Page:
Universities must uphold basic freedoms

Scotland is renowned as a seat of the Enlightenment and the Protestant Reformation – two seismic historical events that laid the groundwork for modern, liberal democracies and demonstrated the value of individual liberties including free of speech, and free conscience. You probably wouldn’t guess this considering the illiberal goings on in our nation’s capital of late. Last month, we endured the embarrassing spectacle of Edinburgh University – one of the oldest and most prestigious educational institutions in Western Europe – cancelling the screening of a feminist film critiquing gender ideology. It’s the second time a screening of “Adult Human Female” has been halted at the university after angry protesting by flag-waving ‘progressives’.

The film’s detractors allege that it is ‘hateful’ and ‘transphobic’. There’s nothing in it that would support this allegation. I’d suggest the real problem for opponents – and the source of their anger – is that the film is truthful. It utters an unforgivable heresy against gender dogma. Namely, that women are, in fact, adult human females and it is important to take account of this in law and policy. Given scientific consensus and public opinion supports material realities about womanhood, gender ideologues seek to force compliance with their views by browbeating, silencing, and maligning critics. They cannot defend their ideas in the free air of debate, persuading others to their point of view by reasoned argument, so they try to shut up opponents instead.

The second illiberal event we’ve witnessed is the no-platforming of Joanna Cherry MP, an outspoken “gender critical” feminist, by Edinburgh comedy club The Stand. Ms Cherry was due to take part in an ‘In conversation with’ event at the venue during the Edinburgh Fringe. Staff who don’t like her views objected, and the event was cancelled by club bosses. In rather the same vein as the women behind ‘Adult Human Female’, Cherry has been bullied out of a platform to discuss her ideas by individuals who lack the maturity to deal with hearing things they don’t like. Ms Cherry has a good case for discrimination on the grounds of philosophical belief, which she may yet choose to pursue. If she does, she’ll likely win.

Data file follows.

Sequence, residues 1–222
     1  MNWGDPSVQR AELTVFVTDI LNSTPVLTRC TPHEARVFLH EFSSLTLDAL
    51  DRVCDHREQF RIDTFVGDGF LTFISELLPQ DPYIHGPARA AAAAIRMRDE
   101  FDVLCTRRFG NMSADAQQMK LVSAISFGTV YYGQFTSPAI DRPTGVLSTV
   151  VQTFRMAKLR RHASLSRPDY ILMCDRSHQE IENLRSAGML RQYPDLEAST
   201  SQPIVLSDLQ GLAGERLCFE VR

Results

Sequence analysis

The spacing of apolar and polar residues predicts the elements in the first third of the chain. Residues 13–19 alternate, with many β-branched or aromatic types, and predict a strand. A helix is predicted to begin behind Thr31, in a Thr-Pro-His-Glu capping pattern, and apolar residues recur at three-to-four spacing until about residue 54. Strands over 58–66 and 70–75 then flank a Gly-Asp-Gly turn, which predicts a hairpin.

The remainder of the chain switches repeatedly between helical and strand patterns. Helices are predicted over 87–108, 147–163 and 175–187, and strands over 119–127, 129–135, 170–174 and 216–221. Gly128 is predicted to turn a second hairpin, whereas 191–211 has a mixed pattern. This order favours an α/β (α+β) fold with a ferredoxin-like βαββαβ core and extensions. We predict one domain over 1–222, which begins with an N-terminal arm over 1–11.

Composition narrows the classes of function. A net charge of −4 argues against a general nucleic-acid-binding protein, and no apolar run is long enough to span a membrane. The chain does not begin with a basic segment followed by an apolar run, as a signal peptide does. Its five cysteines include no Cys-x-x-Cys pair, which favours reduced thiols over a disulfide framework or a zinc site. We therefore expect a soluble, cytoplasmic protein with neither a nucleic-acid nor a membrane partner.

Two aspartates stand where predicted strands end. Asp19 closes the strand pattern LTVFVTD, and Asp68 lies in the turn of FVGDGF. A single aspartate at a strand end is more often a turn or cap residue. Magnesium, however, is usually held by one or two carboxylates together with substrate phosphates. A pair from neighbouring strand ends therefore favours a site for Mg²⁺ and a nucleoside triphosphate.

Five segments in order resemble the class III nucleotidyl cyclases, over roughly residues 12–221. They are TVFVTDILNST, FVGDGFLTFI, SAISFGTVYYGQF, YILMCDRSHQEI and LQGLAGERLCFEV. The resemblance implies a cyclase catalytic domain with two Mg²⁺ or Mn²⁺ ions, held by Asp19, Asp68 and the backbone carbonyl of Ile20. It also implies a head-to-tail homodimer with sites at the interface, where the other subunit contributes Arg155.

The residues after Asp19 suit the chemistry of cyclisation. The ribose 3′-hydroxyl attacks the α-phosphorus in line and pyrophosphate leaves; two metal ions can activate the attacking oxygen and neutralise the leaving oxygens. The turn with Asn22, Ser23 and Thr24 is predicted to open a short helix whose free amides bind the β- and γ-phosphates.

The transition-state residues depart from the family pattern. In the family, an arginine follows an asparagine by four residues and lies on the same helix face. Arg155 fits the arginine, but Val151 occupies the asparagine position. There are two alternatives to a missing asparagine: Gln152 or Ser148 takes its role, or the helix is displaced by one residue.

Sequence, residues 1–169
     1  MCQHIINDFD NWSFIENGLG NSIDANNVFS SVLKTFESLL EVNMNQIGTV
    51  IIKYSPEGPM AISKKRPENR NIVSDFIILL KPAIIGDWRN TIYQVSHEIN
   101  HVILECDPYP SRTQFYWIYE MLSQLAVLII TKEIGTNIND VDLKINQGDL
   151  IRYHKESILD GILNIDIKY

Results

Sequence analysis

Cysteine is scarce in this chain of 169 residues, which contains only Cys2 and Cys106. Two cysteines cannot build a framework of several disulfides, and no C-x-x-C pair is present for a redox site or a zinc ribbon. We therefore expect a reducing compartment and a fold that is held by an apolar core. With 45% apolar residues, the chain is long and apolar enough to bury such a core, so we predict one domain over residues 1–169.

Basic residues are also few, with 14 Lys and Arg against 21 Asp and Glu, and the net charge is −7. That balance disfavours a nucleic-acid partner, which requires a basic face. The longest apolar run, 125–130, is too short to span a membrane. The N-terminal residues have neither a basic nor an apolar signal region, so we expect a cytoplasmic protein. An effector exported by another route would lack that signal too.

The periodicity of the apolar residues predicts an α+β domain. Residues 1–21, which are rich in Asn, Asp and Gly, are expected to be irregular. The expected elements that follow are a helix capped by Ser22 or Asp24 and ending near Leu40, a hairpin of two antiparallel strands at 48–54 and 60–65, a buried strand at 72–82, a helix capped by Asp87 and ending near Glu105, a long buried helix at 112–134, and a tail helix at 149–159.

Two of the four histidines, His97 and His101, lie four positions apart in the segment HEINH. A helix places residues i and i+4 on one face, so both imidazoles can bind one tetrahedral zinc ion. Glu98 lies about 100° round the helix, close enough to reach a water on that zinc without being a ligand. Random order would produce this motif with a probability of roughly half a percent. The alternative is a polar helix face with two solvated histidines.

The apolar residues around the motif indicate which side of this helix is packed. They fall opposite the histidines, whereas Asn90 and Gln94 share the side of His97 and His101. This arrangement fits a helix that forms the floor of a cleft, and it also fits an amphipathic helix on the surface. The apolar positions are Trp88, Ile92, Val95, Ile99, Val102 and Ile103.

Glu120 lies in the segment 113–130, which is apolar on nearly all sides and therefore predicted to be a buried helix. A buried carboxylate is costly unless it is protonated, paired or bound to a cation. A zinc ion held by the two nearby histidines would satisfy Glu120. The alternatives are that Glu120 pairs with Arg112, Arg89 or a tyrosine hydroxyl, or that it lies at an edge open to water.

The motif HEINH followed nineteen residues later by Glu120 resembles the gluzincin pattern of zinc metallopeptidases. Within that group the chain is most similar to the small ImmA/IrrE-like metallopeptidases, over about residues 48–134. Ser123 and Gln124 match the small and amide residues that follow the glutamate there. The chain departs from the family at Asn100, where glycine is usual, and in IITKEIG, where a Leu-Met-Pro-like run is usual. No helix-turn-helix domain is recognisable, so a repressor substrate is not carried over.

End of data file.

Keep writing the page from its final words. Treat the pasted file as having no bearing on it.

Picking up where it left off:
I find the events surrounding ‘Adult Human Female’ and Joanna Cherry troubling, but the former is particularly egregious. As Ms Cherry has pointed out, she has the means to defend herself in court and a significant public profile to air her views. Others in Scotland depend on public institutions like universities offering a space for the free exchange of ideas. Universities should be a space for free inquiry and robust debate. Yet, they are failing the public. ‘No platforming’ is a growing phenomenon. Academics are punished for ascribing to views outwith the parameters of political correctness. Students are barred from expressing their closely held beliefs. All of this is antithetical to the core purpose of higher education: education.

We cannot expect to progress well as a society if the precious liberties that underpin our democratic way of life continue to be undermined. If universities will not uphold the most basic freedoms we have – if they continue to be held to ransom by illiberal elements that want their own ideas to be unassailable – perhaps the state should step in. Let’s see Holyrood pass legislation requiring universities in Scotland to uphold civil liberties or face stiff penalties. I suspect institutions would soon rediscover their support for free speech. Perhaps, given the censorious tendencies of some politicians, that kind of law is a bad idea. Some may favour grassroots efforts to win people over to free speech, and joint action in defiance of censors.

We have to do something. If we fail to curb illiberal culture emerging in Scotland now, we’ll find ourselves in a very dark place in years to come.

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